The elephant in the room, of course, is whether young Russians would fight for a crooked gangster regime that has been robbing them blind for over 25 years.
     
    The elephant in the room, of course, is whether young Russians would fight for the plutocracy in Moscow.
    This is O.K.

    And that’s to say nothing of the 30 million non-Russians still living under Russian colonial rule who would probably be delighted to see Putin wreck the Russian Federation so that they could grab their independence (as Ukraine itself did from the wreckage of the Soviet Union).
     
    As for

    Equally, why would Russians obey an order to launch nuclear weapons against the US knowing that by doing so, they risked bringing down nuclear retaliation on the heads of their own families?
     
    Well…………..now you are being a bit naïve.
    They’d launch for the same reason American crews would launch.
    And

    Why would today’s Russians be any more willing to die for a corrupt regime in 2017 than their ancestors were 100 years ago?
     
    Now, that’s a very complex question. Depends on a lots of variables.

    Illumination of one of the “variables:” http://theduran.com/julian-assange-asks-us-said-nothing-obama-supported-ukrainian-neo-nazis/
    “…Assange has juxtaposed a neo-Nazi torch march in Kiev with the far-right torch march in Charlottesville. Apart from the torches, it is clear that the Ukrainian fascists were far more equipped for violence as they were wearing bullet-proof combat gear and facial coverings.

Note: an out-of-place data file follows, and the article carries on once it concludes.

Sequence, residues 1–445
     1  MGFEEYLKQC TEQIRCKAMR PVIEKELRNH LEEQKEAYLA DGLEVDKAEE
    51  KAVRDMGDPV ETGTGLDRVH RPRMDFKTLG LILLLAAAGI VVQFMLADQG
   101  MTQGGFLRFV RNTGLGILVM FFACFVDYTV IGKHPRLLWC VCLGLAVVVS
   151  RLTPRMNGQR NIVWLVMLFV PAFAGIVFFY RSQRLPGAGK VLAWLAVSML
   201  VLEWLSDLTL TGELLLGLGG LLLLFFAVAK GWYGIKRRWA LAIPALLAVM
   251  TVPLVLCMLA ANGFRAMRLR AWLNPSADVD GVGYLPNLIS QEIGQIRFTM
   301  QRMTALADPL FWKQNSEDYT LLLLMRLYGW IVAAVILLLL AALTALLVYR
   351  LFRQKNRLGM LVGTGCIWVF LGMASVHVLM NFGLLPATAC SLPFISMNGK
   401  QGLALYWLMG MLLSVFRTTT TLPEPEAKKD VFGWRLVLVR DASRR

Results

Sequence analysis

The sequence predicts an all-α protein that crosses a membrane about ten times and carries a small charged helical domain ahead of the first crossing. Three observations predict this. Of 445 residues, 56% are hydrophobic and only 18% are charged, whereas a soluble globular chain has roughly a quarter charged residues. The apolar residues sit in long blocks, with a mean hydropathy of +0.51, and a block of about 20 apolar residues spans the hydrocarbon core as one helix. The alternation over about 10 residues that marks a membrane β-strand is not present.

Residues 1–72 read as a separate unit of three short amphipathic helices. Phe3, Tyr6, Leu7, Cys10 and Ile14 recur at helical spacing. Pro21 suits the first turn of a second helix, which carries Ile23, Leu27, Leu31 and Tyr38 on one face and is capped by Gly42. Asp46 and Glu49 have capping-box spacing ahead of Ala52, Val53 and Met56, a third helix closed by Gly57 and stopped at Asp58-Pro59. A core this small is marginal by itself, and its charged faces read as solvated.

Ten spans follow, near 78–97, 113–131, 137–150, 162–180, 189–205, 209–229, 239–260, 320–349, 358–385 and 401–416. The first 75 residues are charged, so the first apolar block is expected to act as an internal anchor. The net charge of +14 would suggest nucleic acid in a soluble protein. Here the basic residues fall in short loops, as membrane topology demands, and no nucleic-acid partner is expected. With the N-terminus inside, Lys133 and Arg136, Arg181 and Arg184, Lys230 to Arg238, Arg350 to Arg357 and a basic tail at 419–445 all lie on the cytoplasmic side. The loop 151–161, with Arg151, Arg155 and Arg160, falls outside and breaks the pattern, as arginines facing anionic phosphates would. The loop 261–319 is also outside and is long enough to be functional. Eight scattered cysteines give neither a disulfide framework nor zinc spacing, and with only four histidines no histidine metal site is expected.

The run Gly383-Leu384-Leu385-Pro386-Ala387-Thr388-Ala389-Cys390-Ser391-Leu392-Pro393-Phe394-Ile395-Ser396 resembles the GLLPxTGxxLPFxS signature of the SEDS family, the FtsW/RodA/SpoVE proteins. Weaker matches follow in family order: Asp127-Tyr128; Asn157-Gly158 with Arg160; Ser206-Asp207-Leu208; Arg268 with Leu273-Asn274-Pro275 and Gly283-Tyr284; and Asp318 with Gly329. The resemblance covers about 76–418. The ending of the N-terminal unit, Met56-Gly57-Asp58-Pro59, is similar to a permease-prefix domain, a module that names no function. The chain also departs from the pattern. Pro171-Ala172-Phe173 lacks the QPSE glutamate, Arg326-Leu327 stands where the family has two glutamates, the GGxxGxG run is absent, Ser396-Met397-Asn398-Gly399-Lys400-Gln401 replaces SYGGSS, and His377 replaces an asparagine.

Apart from this, the Ukrainian neo-Nazis got scant political coverage in the western media in spite of the fact that their actions included overthrowing a legitimate government as recognized by the United Nations and the installation of a fascist regime which continues to wage a war of aggression on the peoples of Donbass. This war has included the use of chemical weapons on civilians.
    Beyond this, Ukraine is also a bigger nuclear disaster waiting to happen than North Korea. While Pyongyang has stated that its weapons are defensive, the nuclear power stations in Ukraine continue to violate multiple internationally recognized safety standards. The possibility of another Ukrainian nuclear disaster in the place where Chernobyl occurred in 1986 looms heavily over the region.”

    Another point is a surprisingly naive, if not intentionally disinformative, statement “a crooked gangster regime that has been robbing them blind for over 25 years.” Even a cursory reading about the recent 25 years in Russia presents the reader with two names and two political systems: Yeltsin regime informed by the Harward Boys (imbeciles), which resulted in a horrific destruction of Russian economy and wholesale theft by the well-connected former Soviets and the well-connected and totally unscrupulous western scoundrels of Bill Browder kind. Under Yeltsin regime, the average lifespan of men plunged to 57 years. The sizeable segments of the population – including teachers, med doctors, and skilled workers – did not get salaries for months in a row. Yeltsin was, of course, a darling of the neocons and ziocons. Then about 15 years ago the country has begun its transformation to normality. This transformation, which slowed down the plundering from abroad and which has lifted from poverty the majority of Russian citizens, has been looked upon by the US ziocons with intense hatred. The latter is easily illustrated by the production of the presstituting MSM and by the imposition of illegal economic sanctions (illegal from the perspective of international law). Even greater irritation towards Russia has been produced by Russians’ successful fight against ISIS/Daesh/Al Qaeda in Syria. Since Israel wants to see Syria destroyed, the idea of the end of slaughter in the Middle EAst is intolerable for the Israel-firsters.